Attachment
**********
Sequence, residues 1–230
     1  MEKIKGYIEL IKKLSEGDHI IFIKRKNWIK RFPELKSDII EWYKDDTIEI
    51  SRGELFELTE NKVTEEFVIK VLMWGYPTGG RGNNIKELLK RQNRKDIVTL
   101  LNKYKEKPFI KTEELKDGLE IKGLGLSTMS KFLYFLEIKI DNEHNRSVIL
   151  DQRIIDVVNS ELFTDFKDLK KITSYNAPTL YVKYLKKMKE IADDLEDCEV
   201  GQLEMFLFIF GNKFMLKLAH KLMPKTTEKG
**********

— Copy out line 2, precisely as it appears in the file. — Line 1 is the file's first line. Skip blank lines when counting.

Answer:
     1  MEKIKGYIEL IKKLSEGDHI IFIKRKNWIK RFPELKSDII EWYKDDTIEI